People’s pasts are littered with publicly available stories. How far should journalists reach back when a person finds themselves in the middle of a news story?
The internet filled with outrage on Sunday after a man was dragged from a United Airlines flight departing Chicago for Louisville, Kentucky. Some of that ire turned on Tuesday toward journalists who decided to learn more about the man.
The Courier-Journal in Louisville published an in-depth story about the past of Dr. David Dao, who was dragged and bloodied during Sunday’s incident. The story detailed Dao’s past including substantial legal troubles. Meanwhile, a reporter for the District of Columbia’s ABC affiliate known as WJLA published a post on Twitter showing documents she said detailed Dao’s “troubled past.”
People responded to The Courier-Journal’s story and the WJLA Twitter post with swift condemnation. The concerns largely focused on the theory that Dao’s past is irrelevant, because it does not excuse officials’ behaviors that resulted in his injuries.
Many people on Twitter and Facebook quoted the Society of Professional Journalists’ Code of Ethics, which emphasizes that journalists should balance the public’s need for “information against potential harm or discomfort.” Additionally, the Code says journalists should “realize that private people have a greater right to control information about themselves than public figures who seek, power, influence or attention.”
The concerns shared by members of the public were justified, but there are some caveats.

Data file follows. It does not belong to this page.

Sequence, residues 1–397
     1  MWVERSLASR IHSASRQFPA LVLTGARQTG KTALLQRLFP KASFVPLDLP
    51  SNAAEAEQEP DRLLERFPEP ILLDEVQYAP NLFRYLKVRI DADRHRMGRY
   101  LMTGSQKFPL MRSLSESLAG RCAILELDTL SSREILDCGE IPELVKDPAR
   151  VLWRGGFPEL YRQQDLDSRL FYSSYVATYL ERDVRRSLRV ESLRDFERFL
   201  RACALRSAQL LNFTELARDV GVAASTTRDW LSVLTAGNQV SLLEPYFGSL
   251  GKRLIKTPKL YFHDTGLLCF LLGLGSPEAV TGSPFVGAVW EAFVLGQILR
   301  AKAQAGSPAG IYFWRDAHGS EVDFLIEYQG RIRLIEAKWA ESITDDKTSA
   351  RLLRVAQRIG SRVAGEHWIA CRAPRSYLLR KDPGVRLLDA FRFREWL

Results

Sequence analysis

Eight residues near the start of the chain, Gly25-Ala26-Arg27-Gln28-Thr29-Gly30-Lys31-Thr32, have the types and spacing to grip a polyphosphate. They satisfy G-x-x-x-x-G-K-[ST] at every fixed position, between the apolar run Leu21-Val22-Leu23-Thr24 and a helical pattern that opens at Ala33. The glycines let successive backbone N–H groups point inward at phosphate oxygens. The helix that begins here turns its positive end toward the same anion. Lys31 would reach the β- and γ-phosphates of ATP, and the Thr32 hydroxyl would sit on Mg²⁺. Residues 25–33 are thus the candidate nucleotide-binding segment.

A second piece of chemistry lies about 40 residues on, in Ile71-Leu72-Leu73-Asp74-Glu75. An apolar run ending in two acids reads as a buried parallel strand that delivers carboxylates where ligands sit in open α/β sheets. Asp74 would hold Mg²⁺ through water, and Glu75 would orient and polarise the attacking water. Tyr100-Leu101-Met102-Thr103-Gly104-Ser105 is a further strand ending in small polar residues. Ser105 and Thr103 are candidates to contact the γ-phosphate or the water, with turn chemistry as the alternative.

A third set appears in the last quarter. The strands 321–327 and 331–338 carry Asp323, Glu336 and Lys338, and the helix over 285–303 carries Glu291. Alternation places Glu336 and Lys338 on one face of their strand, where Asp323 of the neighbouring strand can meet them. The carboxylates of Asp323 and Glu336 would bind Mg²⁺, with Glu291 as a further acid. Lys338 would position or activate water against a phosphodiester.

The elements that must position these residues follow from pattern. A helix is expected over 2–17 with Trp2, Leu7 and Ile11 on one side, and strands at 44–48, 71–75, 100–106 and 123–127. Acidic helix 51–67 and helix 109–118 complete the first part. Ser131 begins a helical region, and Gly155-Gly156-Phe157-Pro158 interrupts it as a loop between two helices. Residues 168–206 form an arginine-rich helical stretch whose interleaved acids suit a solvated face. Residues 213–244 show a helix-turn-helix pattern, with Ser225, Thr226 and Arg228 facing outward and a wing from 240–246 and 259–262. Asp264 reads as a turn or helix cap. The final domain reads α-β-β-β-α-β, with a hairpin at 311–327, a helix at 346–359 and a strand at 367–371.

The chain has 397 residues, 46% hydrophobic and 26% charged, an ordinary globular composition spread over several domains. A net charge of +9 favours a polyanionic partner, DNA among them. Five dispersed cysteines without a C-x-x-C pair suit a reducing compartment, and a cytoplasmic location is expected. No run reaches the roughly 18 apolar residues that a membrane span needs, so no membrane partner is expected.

First, many of the responses to the individual journalists were reprehensible. Attacks against anyone – including journalists – are never justified. Additionally, people who want to point out ethical issues erode their own case when they become threatening and – frankly – juvenile.
As for the facts of this case, it’s important to remember that people sometimes involuntarily become public figures or gain notoriety against their will. Journalists have a responsibility to look at those people and decide what information is relevant to the public.
The executive editor of The Courier-Journal told CJR that Dao is known to people in the area due to his past legal troubles.
“His original case was pretty high profile,” Joel Christopher told CJR. “It’s a name that doesn’t come out of the blue. To not acknowledge that history and context would be unusual, frankly.”
I agree that The Courier-Journal had an obligation to its readers to point out the man is the same person they heard of years ago, but that could likely be accomplished in a paragraph of another story.
As for WJLA’s story that ultimately never materialized, there is little justification for a local news organization outside the Louisville area to focus on Dao’s past. Such a story would look like it’s simply pandering to lurid curiosity.
These situations challenge journalists and the editorial leadership of news organizations to make tough decisions. Newsrooms should harness this debate to discuss how it would handle a similar situation. As each person in the world continues to leave a growing trail on the internet, these challenges will become more common.